South Carolina's Post-Civil War Constitution
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"Roundheads and Ramblings"

South Carolina's Post-Civil War Constitution

This is particularly for those of you who are following the up-coming South Carolina primaries.  This excerpt from "Yankee Reconstructed" comes from Chapter 16.  In it Jonathan Grenville has just returned home from hearing the reading of the newly adopted South Carolina state constitution on April 18, 1868. He is describing the major provisions to his wife, Susan:

   "The new constitution completely supports the U. S. Constitution and the Bill of Rights. It establishes three branches of government for both the state and local political organizations. It provides universal male suffrage — and don’t wrinkle your nose at me. You know how big a concession that is. It’s much more important to give blacks the vote than to let women have their say right now.”
   “So say you from your side of the house!”
   “I won’t argue that point with you. I’m much too excited by the rest of the provisions — equality regardless of race, both in matters of privilege and of punishments, welfare for the poor and disabled, state-run orphanages and mental hospitals, but no more debtors’ prisons, and no more property qualifications to hold office.” 
   Jonathan leaped to his feet, as if the chair were suddenly too small to hold him and his enthusiasm. “But the best part, Susan, the best part is the provision for state-supported education! Benjamin Randolph really did it! There will be boards of education at both state and local levels, and every local district will be required to provide at least one free school open to all students, black and white.” 
   “Paid for by . . . ?”
   “Both a property tax and a poll tax.”
   “A poll tax? Won’t that disenfranchise a whole lot of people, particularly ex-slaves?”
   “No. It’s a tax on each individual, but the law specifically says that no man can lose his right to vote if he cannot or does not pay the poll tax. And it goes even further. Each state-supported school is required to stay open for six months of every year, and all children between the ages of six and sixteen are required to complete 24 months of instruction. Oh, and there’s no separation of races, either. Every school must be open to all, regardless of skin color. And the provisions disallow any religious control or doctrinal instruction, too. So much for the missionaries who have taken over some of the schools, like the one Dr. Porter financed for black children. Just imagine what that means.”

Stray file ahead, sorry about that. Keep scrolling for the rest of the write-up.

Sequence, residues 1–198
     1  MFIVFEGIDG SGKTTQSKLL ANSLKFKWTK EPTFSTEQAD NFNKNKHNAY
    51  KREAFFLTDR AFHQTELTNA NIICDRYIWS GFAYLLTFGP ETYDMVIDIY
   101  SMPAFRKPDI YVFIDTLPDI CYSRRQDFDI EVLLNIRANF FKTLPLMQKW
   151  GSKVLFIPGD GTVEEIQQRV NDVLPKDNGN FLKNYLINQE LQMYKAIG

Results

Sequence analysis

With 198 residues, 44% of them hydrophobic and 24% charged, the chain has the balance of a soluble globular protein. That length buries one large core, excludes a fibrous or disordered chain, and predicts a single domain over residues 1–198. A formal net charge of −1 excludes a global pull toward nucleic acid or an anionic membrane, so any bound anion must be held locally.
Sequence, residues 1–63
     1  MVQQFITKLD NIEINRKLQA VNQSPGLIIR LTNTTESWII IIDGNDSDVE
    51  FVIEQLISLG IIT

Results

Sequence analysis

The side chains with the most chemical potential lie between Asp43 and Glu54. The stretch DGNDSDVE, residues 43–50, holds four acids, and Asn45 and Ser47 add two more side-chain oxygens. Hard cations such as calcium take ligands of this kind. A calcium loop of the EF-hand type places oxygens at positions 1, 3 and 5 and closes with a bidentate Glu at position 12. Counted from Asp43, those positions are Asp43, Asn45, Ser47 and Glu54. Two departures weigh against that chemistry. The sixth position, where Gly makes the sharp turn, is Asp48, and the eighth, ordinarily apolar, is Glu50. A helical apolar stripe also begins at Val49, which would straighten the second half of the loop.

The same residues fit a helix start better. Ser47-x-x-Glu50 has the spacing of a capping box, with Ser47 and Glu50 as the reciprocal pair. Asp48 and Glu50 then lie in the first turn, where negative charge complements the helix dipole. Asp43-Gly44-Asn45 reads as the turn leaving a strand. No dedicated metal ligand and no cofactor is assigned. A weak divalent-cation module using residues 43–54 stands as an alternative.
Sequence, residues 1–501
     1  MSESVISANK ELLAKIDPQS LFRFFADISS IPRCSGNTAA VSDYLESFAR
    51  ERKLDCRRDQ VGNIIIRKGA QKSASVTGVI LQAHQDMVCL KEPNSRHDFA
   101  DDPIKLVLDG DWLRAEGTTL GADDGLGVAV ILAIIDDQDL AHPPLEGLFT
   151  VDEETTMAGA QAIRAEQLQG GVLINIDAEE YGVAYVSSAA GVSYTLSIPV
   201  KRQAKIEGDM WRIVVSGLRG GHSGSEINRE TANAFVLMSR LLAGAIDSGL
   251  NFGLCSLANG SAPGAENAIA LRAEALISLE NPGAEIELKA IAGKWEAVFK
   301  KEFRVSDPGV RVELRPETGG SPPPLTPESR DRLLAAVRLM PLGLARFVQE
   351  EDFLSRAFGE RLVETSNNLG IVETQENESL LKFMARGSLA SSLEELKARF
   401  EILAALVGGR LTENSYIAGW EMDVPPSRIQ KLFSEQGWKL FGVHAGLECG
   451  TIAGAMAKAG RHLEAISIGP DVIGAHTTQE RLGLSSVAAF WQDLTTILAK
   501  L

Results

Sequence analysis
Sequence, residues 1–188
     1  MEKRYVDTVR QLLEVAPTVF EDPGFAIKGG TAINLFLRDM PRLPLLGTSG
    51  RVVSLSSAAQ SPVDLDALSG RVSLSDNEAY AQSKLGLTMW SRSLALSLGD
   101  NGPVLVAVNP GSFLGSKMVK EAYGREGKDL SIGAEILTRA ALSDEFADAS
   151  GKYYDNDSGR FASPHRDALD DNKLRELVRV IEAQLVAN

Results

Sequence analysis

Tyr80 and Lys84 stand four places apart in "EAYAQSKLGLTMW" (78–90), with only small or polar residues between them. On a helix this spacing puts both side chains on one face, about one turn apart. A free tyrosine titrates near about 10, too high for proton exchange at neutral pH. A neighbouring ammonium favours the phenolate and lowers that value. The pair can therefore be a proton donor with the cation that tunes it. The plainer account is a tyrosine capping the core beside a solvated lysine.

“It sounds like a much-needed change, Jonathan. But how will there be enough teachers for all those schools?"
   “They’ll be in short supply for a while, but this new constitution even provides for that. It calls for a state supported university within five years, along with an agricultural college and a normal school for teachers. It’s one of the most forward-thinking documents I’ve ever heard of.”

Unfortunately, Jonathan's optimism was short-lived.  He spent ten years helping to organize and develop schools that served the needs of black children in Charleston.  But by 1878, white supremacists had managed to gain control of South Carolina's government:

  " In South Carolina, both parties claimed to have won the race for the governorship. Hampton showed a winning margin of about 1100 votes across the state, but Republicans argued that the black vote had been suppressed by the illegal activities of the Red Shirts, particularly in the Upcountry. For nearly six months, Governor Chamberlain refused to vacate the governor’s office, and could not be forcibly removed because of a twenty-four-hour-a-day guard posted by federal troops. When President Hayes completed the withdrawal of all federal troops in 1877, Chamberlain fled the state, leaving South Carolina in the clever hands of Wade Hampton, who had, indeed, “waded to victory,” just as one of his campaign slogans had promised.
   “That’s it.” Jonathan proclaimed. “Ten years of work destroyed. Thousands of blacks disenfranchised. Madmen in charge of the insane asylum.”
   “What will you do?” Susan asked.
   “Hampton has promised to support public education, not that I believe him, and he can’t break that promise immediately. Besides, our schools are already open. We’ve paid the leases for our buildings and our supplies and books are in stock. Most of our teachers are funded by private corporations. We should be fine for the rest of this year. But after that? No one knows. I fear that public schools for Negroes will have disappeared before the next election.”